Concerns in Formulations for Pediatrics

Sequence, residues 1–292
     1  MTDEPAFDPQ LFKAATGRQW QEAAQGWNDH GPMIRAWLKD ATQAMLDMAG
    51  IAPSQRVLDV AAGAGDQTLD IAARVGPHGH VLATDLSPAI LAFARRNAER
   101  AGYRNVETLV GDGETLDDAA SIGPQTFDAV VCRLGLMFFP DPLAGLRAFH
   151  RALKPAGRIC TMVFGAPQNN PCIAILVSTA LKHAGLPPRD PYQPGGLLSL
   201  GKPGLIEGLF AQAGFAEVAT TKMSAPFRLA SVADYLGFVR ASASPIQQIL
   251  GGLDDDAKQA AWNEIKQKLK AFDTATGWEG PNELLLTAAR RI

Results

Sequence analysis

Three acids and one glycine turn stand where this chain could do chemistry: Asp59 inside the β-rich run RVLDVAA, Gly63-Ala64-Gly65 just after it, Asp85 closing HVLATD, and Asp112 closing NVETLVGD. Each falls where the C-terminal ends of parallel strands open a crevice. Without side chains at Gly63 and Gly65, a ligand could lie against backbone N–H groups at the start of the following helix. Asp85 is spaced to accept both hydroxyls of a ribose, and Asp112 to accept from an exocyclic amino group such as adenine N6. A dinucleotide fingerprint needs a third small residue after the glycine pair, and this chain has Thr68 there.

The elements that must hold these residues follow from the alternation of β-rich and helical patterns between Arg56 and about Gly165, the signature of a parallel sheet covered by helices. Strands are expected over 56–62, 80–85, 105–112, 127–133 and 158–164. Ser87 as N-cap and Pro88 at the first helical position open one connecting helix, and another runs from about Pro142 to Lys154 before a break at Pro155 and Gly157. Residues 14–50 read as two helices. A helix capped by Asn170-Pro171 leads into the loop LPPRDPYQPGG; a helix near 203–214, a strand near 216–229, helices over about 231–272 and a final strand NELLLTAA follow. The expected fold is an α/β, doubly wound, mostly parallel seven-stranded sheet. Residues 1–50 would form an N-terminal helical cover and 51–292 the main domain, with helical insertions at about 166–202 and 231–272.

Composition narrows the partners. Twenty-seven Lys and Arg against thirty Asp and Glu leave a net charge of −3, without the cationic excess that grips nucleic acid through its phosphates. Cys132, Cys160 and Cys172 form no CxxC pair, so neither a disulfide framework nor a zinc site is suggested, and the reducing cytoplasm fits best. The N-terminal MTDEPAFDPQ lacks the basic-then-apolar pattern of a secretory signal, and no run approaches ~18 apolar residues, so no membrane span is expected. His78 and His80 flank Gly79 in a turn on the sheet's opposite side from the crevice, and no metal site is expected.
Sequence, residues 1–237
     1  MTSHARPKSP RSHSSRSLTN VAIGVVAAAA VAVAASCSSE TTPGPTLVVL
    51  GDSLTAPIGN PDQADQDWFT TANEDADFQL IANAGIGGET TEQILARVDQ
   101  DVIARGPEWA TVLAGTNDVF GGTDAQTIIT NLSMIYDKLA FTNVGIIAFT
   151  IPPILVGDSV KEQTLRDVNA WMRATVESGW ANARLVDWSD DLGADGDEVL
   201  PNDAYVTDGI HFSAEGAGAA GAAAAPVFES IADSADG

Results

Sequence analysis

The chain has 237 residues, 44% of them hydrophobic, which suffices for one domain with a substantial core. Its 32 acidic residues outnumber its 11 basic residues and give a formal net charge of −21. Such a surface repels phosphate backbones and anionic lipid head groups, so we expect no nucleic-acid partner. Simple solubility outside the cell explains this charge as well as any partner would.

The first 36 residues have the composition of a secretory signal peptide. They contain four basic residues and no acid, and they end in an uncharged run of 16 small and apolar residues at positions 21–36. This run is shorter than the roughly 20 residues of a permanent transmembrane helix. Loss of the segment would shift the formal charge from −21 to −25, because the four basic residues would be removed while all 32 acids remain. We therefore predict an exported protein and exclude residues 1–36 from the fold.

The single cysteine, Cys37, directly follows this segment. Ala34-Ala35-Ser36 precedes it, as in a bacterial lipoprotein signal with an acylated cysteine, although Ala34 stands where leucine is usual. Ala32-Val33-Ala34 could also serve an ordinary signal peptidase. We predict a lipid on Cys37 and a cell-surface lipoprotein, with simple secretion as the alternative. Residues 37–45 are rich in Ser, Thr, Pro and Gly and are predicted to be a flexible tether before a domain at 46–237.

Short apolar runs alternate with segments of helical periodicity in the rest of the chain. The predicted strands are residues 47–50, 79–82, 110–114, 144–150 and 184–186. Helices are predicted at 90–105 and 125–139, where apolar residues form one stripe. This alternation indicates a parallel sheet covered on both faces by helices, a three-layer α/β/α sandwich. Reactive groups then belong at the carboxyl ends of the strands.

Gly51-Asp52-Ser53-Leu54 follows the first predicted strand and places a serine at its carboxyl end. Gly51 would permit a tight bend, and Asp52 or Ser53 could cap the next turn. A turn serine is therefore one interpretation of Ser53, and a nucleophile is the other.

If a drug is to be given by injection, i.m. or i.v., this may require only volume variations. But most drugs developed for adults are given by the oral route, as tablets, capsules or caplets. The adult formulation is usually determined by marketing considerations. Invariably, for children, especially under age 7 years, liquid or syrup must be formulated. Most drugs taste bitter or unpleasant (which is why most tablets are sugar-coated). Sometimes, it may be impossible to completely mask the taste. A commitment to a pediatric formulation requires a whole gamut of testing and the development of specific product specifications. If the liquid formulation changes the bioavailability (faster or slower absorption), then further efficacy and safety studies may be required. A further concern is that liquid formulations often have a shorter shelf life than tablets. Finally, stability characteristics or other factors may make it impossible to make a liquid or syrup or glycolated elixir, sprinkle beads or powder sachets, and split or crushed tablets may be a last resort. In the later two cases, an even distribution of active compound and other inactive excipients must be demonstrated. In addition, a lack of effect an bioavailability must be proved if such advice is to appear in the dosing instructions.

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